What Does It Take to Make a Sustainable House?

A stunning new book shows the way, proving that passive, super-insulated homes can be beautiful and responsible.

Textile House in Asse, Belgium

Courtesy of Princeton Architectural Press

Julie Torres Moskovitz, designer of the first certified passive house in New York City, has released a stunning new book, The Greenest Home. In this 200-page exploration she takes us on a tour of 18 superinsulated and passive homes from various locales throughout North America, Europe, and Japan.

Another wonderful example shown by Moskovitz is the Textile House in Asse, Belgium. Designed by BLAF Architecten, the house’s first floor exterior is made of rubber while fabric created from glass fibers clads the second floor and gives the house its name. This home invites visitors to interact with it; they can draw on the exterior and play on public basketball court. Clearly, the design’s aim is to foster random interactions among neighbors.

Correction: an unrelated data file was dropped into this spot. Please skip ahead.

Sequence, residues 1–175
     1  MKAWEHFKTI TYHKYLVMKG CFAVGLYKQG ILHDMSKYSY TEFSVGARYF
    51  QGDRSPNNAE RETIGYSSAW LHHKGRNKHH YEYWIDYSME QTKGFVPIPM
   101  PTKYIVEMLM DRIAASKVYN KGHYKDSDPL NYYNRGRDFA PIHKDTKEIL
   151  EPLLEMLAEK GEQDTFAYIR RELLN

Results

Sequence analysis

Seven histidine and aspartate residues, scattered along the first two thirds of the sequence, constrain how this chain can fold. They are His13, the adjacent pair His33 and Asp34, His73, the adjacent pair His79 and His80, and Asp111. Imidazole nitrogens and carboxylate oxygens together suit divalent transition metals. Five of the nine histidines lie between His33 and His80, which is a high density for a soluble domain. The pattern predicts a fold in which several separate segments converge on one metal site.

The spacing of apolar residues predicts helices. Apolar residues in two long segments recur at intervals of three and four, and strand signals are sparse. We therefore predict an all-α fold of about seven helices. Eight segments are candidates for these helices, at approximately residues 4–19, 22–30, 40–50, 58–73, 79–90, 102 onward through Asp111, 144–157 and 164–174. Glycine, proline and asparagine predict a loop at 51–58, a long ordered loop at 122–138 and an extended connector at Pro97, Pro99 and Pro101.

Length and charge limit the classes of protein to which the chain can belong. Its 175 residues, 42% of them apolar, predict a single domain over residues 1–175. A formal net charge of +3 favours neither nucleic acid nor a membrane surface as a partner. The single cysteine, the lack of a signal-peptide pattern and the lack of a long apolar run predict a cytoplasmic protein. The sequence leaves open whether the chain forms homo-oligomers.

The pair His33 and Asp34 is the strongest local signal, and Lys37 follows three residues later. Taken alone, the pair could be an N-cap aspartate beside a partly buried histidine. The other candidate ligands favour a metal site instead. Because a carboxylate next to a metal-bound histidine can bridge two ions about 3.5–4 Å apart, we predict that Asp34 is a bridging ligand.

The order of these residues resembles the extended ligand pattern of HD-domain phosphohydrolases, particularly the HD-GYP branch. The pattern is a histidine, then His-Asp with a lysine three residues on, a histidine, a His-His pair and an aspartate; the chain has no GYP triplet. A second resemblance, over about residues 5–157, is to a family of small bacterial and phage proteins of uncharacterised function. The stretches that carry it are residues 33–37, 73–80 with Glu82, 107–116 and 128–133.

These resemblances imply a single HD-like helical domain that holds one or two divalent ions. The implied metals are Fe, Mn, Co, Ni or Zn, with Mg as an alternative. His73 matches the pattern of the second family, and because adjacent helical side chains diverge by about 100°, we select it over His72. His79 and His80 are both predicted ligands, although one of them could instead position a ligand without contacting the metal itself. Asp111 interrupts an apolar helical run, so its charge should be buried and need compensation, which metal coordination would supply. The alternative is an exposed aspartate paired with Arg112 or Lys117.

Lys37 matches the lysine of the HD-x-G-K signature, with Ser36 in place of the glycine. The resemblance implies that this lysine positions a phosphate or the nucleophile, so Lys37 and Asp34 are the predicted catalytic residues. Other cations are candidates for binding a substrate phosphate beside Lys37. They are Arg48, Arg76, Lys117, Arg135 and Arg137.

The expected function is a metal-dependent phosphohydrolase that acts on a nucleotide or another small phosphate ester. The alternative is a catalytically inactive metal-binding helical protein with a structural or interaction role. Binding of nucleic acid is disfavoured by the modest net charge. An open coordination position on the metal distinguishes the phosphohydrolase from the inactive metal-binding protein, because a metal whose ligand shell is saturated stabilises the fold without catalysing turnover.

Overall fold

It’s refreshing to see this shift to different types of potential residents. It often seems that sustainable homes are made soley for the privileged, This project reaffirms my belief that everyone deserves good design.

Moskovitz begins with a brief history of passive homes, and the common principles that define them. One of the most innovative projects is the Belfield Homes. These superinsulated Philadelphia townhouses geared toward low-income families and the formerly homeless, were designed and pre-faricated by Onion Flats. Onion Flats’s off-site fabricating facility gave them total control over details, a key factor in building superinsulated homes.

To satisfy our craving for eye candy the book is filled with glamour shots of homes. Yet, the book is more than just something to display on the coffee table. Moskovitz does an impressive job of exploring the hurdles that the architects had to face to accomplish their goals. Through floor plans as well as construction images, details about insulation techniques, and efficiency stats, Moskovitz provides a close look at what it takes to make a home sustainable.

Categories: Residential Architecture, Sustainability

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